Problems were a lot less complicated. Oh my gosh, I slept through my alarm and missed my 10 a.m. class is not quite as problematic as Oh my gosh, I slept through my alarm and now I’m going to be at least twenty minutes late for work. Cramming my schedule full of work and classes and wondering when I was going to be able to study is not the same as wondering when I’m going to have an income again and be able to pay my bills. Sick? I didn’t have to sweat it out, hoping that nothing was really wrong. If I needed a doctor, I could go to the health center. If I needed medicine, I could get medicine. If it was something they couldn’t help me with on campus, they’d make me an appointment at an actual Dr.’s office where my insurance (RIP, insurance) would cover it.
So, yeah. I miss college. And maybe I’m missing it more right now than I should be, but right now I’m still free-falling head-first. I don’t think it’s so wrong to be missing the things that provided me some kind of stability when that’s what I’m lacking and what I desperately need. Of course I miss having a place of my own, my own life, my own schedule, a job. I miss all of that, too. This lack of structure in my life needs to come to an end soon, and I fear it’s going to be a matter of ego. But that’s another post for another time.
What I’ve realized that reporter missed back in 2005 is that I was uncertain, but I was hopeful. There was never a doubt in my mind that I was going to get a job somewhere. My uncertainty was where (I wanted a job that would keep me close to my friends [that’s what I’ve always wanted]) and how soon. Maybe it was naiveté, but I seem to have had more confidence in myself then than I do now, having spent the last two years looking for permanent full-time work. I didn’t get stressed out about applying to jobs. By this point in the summer after my graduation, I already had one. I was so hopeful then because it never really occurred to me not to be. If it did, I don’t remember it being a dominant feeling, certainly not like what I experience now, and it definitely didn’t entail the kinds of anxiety that I keep feeling. The word “job” or any of its variants didn’t have the potential to bring me to tears of frustration.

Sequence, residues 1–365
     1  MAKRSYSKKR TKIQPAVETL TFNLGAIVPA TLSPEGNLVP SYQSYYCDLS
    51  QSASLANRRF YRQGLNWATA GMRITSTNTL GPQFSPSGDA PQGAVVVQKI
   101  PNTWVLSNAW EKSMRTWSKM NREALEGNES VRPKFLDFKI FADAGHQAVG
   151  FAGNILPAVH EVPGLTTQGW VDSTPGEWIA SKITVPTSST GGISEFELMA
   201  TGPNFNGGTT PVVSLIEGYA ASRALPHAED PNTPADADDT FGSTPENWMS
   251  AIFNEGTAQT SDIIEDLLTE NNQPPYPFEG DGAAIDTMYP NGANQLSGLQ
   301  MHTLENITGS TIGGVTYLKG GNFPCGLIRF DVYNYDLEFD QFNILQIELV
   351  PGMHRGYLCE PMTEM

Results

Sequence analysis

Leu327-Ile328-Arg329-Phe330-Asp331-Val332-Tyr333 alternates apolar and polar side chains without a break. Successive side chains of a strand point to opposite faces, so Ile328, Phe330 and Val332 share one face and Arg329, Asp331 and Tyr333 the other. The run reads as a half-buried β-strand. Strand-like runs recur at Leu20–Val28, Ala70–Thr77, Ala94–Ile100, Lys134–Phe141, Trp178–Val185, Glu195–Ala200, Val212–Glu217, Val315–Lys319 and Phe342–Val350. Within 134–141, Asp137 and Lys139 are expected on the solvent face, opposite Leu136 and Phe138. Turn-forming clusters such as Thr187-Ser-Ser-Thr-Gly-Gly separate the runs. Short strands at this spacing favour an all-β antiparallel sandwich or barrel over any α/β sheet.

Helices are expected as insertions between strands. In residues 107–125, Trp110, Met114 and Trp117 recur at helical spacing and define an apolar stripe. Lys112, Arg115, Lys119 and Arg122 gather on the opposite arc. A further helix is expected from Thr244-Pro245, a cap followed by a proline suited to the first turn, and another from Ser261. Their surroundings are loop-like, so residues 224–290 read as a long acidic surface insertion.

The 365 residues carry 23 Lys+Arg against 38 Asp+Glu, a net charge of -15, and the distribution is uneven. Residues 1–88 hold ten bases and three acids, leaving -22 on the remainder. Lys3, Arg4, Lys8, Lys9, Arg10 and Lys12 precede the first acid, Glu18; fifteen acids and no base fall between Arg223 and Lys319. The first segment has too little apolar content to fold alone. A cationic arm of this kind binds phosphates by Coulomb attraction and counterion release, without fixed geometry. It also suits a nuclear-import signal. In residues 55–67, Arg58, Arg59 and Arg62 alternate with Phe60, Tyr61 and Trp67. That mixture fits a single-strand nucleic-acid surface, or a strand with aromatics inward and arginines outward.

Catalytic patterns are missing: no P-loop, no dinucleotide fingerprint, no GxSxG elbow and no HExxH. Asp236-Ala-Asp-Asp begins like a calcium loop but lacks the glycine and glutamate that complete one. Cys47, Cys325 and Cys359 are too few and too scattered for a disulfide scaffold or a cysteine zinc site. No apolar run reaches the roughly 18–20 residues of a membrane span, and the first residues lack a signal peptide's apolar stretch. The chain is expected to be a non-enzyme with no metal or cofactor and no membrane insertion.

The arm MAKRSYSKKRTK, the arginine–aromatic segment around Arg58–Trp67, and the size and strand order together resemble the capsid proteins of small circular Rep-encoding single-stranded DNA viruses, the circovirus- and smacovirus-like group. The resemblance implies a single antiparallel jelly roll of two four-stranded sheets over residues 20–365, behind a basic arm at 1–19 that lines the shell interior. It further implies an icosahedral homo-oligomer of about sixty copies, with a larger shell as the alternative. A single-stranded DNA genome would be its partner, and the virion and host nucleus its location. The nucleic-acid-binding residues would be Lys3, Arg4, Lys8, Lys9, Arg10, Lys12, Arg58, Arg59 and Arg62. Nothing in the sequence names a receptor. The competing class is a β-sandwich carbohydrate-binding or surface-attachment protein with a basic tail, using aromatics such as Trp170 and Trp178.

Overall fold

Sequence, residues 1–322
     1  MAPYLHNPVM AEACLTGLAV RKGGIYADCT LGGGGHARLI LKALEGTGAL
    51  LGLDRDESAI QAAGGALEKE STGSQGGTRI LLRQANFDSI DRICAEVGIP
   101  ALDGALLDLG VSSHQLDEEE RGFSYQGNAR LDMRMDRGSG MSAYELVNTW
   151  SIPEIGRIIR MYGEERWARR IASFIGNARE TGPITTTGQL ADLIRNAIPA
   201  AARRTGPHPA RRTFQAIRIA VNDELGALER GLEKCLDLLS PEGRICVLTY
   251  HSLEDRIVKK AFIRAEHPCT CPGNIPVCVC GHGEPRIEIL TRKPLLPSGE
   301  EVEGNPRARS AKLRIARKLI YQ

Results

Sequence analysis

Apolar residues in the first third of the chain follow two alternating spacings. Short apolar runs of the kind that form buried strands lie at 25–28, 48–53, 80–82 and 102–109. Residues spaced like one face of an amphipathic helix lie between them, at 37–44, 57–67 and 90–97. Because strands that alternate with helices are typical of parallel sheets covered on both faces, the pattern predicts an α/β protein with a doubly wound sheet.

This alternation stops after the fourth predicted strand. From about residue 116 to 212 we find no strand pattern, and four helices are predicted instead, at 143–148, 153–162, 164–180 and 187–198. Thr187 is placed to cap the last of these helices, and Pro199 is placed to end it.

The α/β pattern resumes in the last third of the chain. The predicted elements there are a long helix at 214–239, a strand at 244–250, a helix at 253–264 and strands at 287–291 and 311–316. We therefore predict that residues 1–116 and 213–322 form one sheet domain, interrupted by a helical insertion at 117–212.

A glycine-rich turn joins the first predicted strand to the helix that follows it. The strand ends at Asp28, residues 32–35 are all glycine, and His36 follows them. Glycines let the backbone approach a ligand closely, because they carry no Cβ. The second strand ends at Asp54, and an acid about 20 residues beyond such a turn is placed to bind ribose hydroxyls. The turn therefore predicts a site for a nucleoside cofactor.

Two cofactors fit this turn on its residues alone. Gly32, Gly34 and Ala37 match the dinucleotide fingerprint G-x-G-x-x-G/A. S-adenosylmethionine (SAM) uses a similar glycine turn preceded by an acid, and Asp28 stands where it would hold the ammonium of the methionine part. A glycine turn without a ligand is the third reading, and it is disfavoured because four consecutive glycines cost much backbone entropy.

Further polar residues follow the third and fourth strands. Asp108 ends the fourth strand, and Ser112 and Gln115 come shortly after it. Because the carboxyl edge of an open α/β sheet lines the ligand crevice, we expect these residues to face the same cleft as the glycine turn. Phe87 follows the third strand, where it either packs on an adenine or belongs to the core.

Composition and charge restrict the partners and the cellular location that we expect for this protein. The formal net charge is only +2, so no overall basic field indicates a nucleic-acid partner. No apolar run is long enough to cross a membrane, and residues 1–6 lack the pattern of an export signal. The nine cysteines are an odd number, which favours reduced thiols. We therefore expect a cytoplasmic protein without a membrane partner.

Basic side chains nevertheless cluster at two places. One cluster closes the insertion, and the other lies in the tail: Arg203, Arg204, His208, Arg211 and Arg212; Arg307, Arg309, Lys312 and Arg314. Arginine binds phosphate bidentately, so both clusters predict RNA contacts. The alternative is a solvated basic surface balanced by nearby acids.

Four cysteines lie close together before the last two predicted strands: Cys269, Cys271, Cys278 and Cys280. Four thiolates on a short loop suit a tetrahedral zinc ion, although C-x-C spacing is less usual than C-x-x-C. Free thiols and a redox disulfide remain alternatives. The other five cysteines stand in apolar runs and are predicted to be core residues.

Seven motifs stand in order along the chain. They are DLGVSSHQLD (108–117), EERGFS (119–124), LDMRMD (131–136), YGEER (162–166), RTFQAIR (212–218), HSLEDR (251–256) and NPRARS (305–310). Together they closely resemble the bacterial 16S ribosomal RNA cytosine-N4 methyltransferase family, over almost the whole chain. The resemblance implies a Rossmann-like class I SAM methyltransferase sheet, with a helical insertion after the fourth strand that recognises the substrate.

In my moments of total calmness, I tell myself that it has to happen soon, that I will get a job, and that the fact that I haven’t yet is through no fault of my own. It just hasn’t been right yet. Sometimes I believe myself, sometimes I don’t. A wise man named Tom Petty once said that the waiting is the hardest part. I wonder if he’s planning a tour for his new album. Maybe he’ll hire me to haul speakers on and off-stage.